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Head, Clippers pummel Bulls in Game 1
Columbus hits four homers, sets postseason scoring record
09/14/2010 10:47 PM ET
Jerad Head is hitting .444 with eight RBIs in five playoff games.
Jerad Head is hitting .444 with eight RBIs in five playoff games. (Mike Janes/Four Seam Images)
Having a second baseman pitch the eighth inning in Game 1 of the Governors' Cup Finals wasn't how the Durham Bulls envisioned Tuesday night's game playing out.

Jerad Head homered and drove in six runs to lead a 20-hit attack as the Columbus Clippers cruised to an 18-5 romp over the Bulls in the opener of the best-of-5 International League Championship Series.

The 18 runs were a franchise postseason record, besting the 15 Columbus scored against Rochester in 1987.

"It was good for us to come out there and from the first inning on, from the top to the bottom of the lineup, everyone was hitting tonight," Head said. "Everyone came up with a big hit."

Head smashed one the Clippers' four homers, a three-run shot in the sixth that extended the lead to 15-1. Columbus scored five times in the first and tacked on seven in the fifth, abusing every arm the Bulls threw.

Major League veteran David Huff (1-0) did his part, holding Durham to an unearned run on four hits over seven frames. He struck out five and did not walk a batter, lowering his postseason ERA to 1.93.

"Guys in the field love that when a pitcher's pounding the strike zone," said Clippers third baseman Jared Goedert, who collected three hits, three RBIs and three runs scored. "It keeps us fresh, keeps us on our toes."

"Huff was great on the mound," Head added. "To get that win is a big momentum-booster. Hopefully, it carries through to the rest of series."

Bulls starter Richard De Los Santos (0-1) didn't fare as well, lasting two-plus innings and surrendering five runs on seven hits. Second baseman Omar Luna finished up on the mound for the Rays' top affiliate, striking out two after Luke Carlin led off the eighth with a homer.

Durham is without some of its pitchers, including former ace Jeremy Hellickson and Jake McGee, both of whom pitched for Tampa Bay on Tuesday night. McGee made his Major League debut in relief.

Head capped the five-run first with an RBI single and added a two-run single in the big fifth. He slugged a three-run shot off big league veteran Brian Shouse an inning later.

"Everybody's been swinging the bat well lately," said Head, who signed with Cleveland in 2005. "After the last game, everyone got comfortable in there. And the pitching's been great this postseason. We're starting to click."

Goedert doubled in a run in the first and added a two-run homer in the seventh, finishing a triple shy of the cycle.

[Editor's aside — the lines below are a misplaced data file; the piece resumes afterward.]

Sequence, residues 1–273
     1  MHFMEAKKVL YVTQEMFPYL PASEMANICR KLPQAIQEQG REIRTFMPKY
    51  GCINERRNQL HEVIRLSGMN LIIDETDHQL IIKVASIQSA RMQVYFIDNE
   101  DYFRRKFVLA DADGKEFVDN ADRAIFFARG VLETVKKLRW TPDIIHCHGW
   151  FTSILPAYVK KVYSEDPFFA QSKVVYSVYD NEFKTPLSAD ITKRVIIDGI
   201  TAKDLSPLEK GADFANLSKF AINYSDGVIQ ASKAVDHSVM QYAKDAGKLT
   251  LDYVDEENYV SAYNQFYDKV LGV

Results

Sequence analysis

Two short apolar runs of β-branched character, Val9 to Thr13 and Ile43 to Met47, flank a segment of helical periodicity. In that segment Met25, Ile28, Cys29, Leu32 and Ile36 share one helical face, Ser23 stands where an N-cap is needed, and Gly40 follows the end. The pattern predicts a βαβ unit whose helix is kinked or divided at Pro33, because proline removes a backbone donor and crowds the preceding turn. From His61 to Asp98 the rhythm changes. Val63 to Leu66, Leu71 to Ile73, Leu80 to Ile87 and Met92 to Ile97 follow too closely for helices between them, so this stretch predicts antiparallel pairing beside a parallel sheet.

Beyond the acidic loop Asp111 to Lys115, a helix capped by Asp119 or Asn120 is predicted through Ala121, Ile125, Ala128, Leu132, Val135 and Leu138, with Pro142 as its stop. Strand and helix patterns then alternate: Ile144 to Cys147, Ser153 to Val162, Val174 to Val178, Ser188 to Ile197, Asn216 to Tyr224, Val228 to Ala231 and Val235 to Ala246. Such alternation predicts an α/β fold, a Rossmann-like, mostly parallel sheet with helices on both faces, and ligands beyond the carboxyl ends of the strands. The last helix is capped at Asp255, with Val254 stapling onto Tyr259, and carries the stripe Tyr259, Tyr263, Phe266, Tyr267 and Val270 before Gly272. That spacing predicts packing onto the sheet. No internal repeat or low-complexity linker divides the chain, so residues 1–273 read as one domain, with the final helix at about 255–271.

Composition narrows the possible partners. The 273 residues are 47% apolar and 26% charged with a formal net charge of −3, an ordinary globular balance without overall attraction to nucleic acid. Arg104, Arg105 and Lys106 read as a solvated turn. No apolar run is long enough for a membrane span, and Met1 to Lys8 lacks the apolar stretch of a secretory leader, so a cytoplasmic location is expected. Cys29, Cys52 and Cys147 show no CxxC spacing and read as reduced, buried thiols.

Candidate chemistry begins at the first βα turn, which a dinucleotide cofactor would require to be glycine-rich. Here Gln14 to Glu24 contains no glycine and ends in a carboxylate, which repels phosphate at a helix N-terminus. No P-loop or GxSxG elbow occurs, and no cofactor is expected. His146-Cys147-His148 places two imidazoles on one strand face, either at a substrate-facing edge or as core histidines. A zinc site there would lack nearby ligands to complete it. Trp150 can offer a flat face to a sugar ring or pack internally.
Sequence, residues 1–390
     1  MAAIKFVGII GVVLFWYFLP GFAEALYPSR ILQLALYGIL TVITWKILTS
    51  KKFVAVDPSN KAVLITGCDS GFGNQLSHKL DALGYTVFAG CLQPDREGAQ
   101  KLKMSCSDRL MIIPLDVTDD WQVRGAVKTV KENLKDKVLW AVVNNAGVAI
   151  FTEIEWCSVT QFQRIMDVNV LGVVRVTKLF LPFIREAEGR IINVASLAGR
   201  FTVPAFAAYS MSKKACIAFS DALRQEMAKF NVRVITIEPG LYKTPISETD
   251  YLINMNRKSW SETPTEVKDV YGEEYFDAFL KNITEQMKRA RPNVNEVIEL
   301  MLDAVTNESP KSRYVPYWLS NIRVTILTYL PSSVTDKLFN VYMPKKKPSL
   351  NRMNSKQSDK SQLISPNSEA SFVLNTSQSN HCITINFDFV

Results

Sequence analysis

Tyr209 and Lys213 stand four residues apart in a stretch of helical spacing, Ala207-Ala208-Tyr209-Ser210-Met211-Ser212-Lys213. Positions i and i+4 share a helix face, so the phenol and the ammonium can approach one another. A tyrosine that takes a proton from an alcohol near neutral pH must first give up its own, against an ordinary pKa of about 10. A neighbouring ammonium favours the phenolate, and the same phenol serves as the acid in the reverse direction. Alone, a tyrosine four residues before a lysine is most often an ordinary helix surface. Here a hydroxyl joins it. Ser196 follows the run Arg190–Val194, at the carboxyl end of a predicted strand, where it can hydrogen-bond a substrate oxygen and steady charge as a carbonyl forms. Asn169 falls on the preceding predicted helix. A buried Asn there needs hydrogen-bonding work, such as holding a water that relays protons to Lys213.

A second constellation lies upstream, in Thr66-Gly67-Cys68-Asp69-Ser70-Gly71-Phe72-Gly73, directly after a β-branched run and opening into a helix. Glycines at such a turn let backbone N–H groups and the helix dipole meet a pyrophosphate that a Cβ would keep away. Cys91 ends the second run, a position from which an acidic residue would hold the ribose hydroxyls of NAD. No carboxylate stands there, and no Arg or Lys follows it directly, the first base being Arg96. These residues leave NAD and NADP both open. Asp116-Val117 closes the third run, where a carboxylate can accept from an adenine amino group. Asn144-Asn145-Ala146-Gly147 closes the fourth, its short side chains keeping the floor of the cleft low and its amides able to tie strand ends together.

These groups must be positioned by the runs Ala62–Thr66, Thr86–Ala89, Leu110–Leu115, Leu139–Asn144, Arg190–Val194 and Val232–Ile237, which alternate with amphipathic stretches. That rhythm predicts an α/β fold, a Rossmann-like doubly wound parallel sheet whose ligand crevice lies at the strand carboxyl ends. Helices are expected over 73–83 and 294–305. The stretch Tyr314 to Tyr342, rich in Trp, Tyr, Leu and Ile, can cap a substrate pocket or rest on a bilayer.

"I'm feeling better than I did the first few [playoff] games," he said. "I think that goes for the team as a whole. It was a great team effort, great all the way around."

Wes Hodges went deep in the first as every Clippers starter had at least two hits.

"It's a great time," Goedert said. "We just go out and let it all hang out. We probably won't score this many runs every night, but it shows what we're capable of."

The Clippers nailed down the Wild Card playoff berth and, after beating Scranton/Wilkes-Barre in four games to reach the Finals, aren't taking any chances. They're also not taking out their razors.

"We got some nice-looking beards," Goedert said of a ritual normally associated with hockey players.

"We've had them since the postseason started," Head explained. "It's just kind of an idea we came up with. We did it last year, mostly the same group of guys on the Eastern League championship team. But as long as I've been in the organization, it's something they do."

Zach McAllister (9-12, 5.29 ERA) will look to ride the wave of hot bats and long beards for Columbus in Game 2 on Wednesday night when he opposes Aneury Rodriguez (6-5, 3.80 ERA).

"Just the same as tonight, come up with a good approach at the plate, not do too much and just go out and play like we did tonight," Head said of Wednesday's game plan. "Put some good at-bats together and do the little things that help you win."

Forcing a team to bring in an infielder to pitch also helps.

"I didn't get to face him as a hitter, but I know it's kind of uncomfortable to face a position player," Head laughed. "No one wants to strike out against a position player."

Danny Wild is an editor for MLB.com. This story was not subject to the approval of the National Association of Professional Baseball Leagues or its clubs.
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